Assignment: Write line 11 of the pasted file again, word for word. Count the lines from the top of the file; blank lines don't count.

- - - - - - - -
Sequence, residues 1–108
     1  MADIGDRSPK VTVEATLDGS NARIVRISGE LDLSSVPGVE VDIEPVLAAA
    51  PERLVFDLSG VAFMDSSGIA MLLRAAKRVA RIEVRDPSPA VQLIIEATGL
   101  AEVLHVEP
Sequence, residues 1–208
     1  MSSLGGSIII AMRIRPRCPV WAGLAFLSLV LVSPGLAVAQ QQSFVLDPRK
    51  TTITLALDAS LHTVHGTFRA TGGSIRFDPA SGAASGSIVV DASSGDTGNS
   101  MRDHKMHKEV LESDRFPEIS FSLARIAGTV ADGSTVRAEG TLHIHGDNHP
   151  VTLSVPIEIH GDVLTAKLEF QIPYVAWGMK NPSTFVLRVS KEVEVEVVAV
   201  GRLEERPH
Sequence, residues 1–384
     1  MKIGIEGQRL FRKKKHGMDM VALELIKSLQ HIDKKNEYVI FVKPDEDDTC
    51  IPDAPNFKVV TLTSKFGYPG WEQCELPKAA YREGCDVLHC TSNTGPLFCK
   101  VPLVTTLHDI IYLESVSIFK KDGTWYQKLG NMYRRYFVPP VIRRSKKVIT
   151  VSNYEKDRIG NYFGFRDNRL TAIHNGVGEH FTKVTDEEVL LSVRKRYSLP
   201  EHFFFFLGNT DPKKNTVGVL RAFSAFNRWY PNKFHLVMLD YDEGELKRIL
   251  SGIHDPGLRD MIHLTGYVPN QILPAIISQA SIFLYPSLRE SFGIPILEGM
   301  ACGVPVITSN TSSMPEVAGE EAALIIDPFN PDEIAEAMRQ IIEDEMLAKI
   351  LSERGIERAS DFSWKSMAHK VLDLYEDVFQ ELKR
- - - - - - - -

Sequence, residues 1–384